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By Donald Lambro
Growth spikes are little more than trend-free anomalies
Independent voices from the The Washington Times Communities
Topic - Tim Duncan
Manu Ginobili is sticking around to see if the San Antonio Spurs can get back to the top.
The Los Angeles Lakers want Dwight Howard so badly they put up billboards urging him to stay in town, then got Kobe Bryant and Steve Nash to get on bended knee before him.
Gregg Popovich was reflective, loquacious, funny and even answered questions from the media without prompting.
Tim Duncan and Manu Ginobili trudged off the court, their heads hanging, bald spots that come from more than a decade of games like this for all to see.
Chris Bosh told those Heat fans who had left Game 6 early to stay home, and judging strictly by his line in Game 7, he barely bothered to show up himself.
Tony Parker refused to consider it, though it can't be ruled out.
He is the best player in the game and this is the best moment in his sport.
These NBA Finals were apparently about the kids.
It all comes down to this.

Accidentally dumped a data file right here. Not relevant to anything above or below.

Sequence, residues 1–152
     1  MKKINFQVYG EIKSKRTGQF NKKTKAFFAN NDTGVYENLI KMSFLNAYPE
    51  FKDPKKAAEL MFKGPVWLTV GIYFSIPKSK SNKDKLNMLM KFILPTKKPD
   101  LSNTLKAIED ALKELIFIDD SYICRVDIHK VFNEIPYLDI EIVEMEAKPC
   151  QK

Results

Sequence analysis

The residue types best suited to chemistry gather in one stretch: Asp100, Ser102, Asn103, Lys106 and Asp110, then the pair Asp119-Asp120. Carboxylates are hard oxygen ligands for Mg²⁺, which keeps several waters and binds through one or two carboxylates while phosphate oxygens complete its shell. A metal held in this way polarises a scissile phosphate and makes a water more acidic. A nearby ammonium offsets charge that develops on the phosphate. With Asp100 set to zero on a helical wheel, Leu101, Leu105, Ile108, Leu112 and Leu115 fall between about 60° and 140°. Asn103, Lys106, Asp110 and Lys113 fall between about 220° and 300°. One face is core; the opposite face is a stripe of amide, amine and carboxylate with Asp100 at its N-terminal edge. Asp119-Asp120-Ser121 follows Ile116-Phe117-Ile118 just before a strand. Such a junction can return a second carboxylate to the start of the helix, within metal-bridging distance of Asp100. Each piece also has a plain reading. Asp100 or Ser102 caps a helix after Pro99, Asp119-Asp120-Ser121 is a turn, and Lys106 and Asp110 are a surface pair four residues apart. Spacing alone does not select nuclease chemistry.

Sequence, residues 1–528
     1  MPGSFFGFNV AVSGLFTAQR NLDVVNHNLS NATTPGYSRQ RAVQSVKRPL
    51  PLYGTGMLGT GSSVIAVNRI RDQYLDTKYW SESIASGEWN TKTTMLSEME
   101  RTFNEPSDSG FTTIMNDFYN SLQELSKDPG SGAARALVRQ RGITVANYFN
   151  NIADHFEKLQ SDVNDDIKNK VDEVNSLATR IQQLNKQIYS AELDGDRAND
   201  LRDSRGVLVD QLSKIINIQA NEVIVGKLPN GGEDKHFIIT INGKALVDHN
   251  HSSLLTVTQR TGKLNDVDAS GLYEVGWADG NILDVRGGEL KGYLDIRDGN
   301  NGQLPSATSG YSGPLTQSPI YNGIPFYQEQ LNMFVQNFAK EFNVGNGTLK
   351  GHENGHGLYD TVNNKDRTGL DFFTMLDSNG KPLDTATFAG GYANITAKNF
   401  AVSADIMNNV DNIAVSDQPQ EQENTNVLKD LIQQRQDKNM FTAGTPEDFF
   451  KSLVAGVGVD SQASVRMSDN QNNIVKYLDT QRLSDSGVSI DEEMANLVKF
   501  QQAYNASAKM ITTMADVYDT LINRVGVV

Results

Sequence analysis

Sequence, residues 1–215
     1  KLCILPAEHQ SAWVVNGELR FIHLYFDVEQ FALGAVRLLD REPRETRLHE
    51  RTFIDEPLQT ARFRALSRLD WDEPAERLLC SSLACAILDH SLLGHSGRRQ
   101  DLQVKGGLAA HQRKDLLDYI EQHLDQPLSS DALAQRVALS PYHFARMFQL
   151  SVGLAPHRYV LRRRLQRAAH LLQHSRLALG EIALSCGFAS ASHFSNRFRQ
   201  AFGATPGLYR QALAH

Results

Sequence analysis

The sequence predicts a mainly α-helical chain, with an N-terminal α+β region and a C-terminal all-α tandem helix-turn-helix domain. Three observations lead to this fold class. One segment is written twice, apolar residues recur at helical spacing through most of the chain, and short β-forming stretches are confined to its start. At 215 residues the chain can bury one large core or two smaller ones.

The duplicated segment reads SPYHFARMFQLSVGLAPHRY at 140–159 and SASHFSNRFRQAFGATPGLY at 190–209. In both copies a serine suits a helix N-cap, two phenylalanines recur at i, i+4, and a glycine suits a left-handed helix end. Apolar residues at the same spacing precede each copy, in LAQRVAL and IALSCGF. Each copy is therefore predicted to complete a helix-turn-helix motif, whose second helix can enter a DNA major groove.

James had 37 points and 12 rebounds and the Miami Heat repeated as champions with a 95-88 victory over the San Antonio Spurs in Game 7 of the NBA Finals on Thursday night.
Through heartbreaking losses and hair-raising victories, through Game 7s of the NBA Finals and Game 46s of the regular season, through contract extension after contract extension, what has defined these San Antonio Spurs more than anything else is the simple fact that they stick together.
The San Antonio Spurs are hoping the road to recovery from an incredible collapse in Game 6 goes through their stomachs.
Game 7s do more than settle championships. They define legacies.
The sly smile on Erik Spoelstra's lips said it all. If only this once, the Miami coach couldn't wait to field questions.
When LeBron James' greatness almost wasn't good enough, officials began preparing for a San Antonio celebration. Miami's championship reign would be over. Someone in Spurs black would replace James as NBA Finals MVP. James and the Heat wouldn't let it happen.
"I think every one of us wants this very badly from the top on down," Duncan said. "We're trying to play that way."
"He's such a huge part of what we do and how far we've come. You can see it tonight in how we played and the results of the game," Duncan said. "We're always confident in him. ... We know he has it in him. We hope he can bring it forward for one more win."